Hope this helps!

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Hi there,

About to head to get some sleep, but a quick note: there are a LOT of false negatives for the TTG. In fact, I never had a positive TTG (out of three times I tested) but I did do the endoscopy and clearly have damage to my sm intestine = a difinitive diagnosis for Celiac. Also, one of my daughters tested negative 2 out of 3 of her TTG tests (our other daughter was a very clear positive TTG). A positive TTG is a very accurate indicator of Celiac.

- Yes, I believe it's possible he could be in the beginning stages of Celiac. If this is the case, you might consider testing him annually to see if the TTG is triggered sometime in the not too distant future.

- I believe I had a low TTG because I had (over 40+ years) developed enough food aversions to effectively take myself off gluten inadvertantly and unknowingly (I avoided pasta, beer, pizza...). You may consider (heavily) gluten loading him for 3+ to 6 months and see if his TTG changes (this is how we triggered one daughter's TTG to a positive result).

All this said, I believe there is a lot to subjectively consider in looking at Celiac disease. Here is the list of things we considered as inputs for diagnosing our kids (and then me):

- Bloodwork (TTG, etc)

- Genetic testing

- Endoscopy

- Symptoms while eating gluten

- Easing of symptoms once off gluten (don't do this until you're done testing)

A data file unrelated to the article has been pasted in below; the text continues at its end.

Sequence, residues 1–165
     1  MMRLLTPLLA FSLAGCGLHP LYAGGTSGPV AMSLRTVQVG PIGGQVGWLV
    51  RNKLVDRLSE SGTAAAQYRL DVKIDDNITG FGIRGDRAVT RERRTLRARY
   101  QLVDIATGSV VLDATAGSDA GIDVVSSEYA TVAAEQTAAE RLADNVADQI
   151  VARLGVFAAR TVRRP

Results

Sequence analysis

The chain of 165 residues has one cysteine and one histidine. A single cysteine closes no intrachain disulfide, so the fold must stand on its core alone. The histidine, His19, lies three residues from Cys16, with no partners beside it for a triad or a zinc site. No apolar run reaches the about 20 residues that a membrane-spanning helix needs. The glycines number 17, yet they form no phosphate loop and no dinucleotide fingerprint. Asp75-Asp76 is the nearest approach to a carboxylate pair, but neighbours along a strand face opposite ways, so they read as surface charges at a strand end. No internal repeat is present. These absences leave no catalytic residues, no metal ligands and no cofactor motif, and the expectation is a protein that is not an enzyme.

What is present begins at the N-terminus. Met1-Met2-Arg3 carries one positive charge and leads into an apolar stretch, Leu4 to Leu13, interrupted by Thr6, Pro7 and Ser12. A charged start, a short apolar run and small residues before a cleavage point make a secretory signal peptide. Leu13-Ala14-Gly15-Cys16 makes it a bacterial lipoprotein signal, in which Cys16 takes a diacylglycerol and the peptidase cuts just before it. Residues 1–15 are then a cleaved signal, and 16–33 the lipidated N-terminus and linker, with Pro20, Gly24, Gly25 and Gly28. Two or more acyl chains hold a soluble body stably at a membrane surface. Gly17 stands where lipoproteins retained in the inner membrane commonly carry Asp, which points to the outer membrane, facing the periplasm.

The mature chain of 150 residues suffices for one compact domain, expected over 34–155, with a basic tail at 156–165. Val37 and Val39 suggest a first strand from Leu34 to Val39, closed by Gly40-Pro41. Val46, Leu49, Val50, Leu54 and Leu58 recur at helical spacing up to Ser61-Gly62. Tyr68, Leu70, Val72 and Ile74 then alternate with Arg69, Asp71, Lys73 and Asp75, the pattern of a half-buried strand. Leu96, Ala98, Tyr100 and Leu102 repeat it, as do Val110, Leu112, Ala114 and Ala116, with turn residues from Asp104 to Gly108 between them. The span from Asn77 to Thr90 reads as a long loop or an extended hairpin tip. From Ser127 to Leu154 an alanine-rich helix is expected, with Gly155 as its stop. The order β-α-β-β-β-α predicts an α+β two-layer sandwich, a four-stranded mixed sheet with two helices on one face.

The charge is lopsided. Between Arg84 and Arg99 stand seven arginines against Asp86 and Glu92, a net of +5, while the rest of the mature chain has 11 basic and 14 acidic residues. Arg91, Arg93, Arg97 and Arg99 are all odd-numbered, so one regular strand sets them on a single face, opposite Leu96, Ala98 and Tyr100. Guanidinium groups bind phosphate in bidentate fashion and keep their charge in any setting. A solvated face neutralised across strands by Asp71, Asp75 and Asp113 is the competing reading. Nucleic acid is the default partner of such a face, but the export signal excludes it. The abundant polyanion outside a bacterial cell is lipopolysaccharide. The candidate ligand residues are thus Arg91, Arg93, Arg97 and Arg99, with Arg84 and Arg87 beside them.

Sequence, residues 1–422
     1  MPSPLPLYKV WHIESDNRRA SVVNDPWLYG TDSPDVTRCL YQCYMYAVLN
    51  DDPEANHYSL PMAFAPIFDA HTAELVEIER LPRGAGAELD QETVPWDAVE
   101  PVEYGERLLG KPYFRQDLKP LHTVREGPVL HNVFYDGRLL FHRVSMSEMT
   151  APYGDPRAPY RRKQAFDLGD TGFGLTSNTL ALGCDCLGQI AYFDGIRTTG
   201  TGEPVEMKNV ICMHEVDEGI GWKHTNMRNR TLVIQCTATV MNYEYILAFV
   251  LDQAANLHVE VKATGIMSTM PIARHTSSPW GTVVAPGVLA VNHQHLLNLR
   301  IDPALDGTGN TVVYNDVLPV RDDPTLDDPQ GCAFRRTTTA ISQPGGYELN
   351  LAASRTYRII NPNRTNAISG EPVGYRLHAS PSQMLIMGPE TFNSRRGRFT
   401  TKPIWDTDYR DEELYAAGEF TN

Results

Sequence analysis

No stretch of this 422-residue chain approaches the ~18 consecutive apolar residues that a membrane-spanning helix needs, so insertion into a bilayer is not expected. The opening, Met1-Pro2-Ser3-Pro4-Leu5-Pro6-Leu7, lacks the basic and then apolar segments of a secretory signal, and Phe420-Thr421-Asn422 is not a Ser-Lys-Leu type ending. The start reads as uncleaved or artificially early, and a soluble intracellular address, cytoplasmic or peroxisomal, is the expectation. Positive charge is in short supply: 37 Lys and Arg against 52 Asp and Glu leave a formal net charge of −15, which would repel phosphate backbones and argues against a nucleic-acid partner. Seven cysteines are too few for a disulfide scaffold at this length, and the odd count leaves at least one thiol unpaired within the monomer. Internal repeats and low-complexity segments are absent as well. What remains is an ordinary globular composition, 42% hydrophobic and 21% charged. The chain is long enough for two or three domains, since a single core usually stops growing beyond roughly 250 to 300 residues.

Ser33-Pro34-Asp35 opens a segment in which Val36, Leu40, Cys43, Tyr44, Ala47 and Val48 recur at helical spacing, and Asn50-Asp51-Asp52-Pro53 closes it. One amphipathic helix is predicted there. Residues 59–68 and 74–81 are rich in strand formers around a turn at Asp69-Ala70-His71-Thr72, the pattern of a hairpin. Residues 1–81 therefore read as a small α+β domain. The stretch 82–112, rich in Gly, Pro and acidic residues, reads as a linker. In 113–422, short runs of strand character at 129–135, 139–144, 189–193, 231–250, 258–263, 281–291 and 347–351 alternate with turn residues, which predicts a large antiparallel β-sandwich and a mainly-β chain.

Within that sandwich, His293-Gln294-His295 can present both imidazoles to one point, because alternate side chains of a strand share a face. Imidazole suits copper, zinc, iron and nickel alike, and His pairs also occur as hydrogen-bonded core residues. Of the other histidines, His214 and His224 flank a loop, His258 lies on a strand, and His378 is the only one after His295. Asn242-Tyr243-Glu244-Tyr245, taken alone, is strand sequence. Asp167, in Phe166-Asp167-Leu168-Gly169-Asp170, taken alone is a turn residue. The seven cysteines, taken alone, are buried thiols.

- Family history of Celiac, GI cancers, other related disorders etc.

Celiac can be easily definitive (in the case of one daughter with positive TTG, positive genetics, positive endoscopy, symptomatic, better off gluten) or more of an art (another daughter with eventual positive TTG, positive genetics, inconclusive endoscopy, symptomatic, better off gluten).

Hope this helps!

Thanks so much for the information. I am going to talk to the GI doc at more length about early stage celiac when we see him in November. I just think something must be going on if his gliadin IGA is high. Thanks again!!

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Your doctors are not up to speed, clearly. Gliadin tests are specific for GLIADIN. Your son is making antibodies to gluten. He has celiac.

Ttg tests are frequently negative. Even ONE positive test out of the whole panel warrants follow up. Since they aren't going to dx him based on MY opinion (go figure) request a biopsy be done. I would also ask for an EMA blood test while you are at it. If the biopsy happens to be negative (which is still likely, especially in early stages) two positive bloods may be harder for them to deny.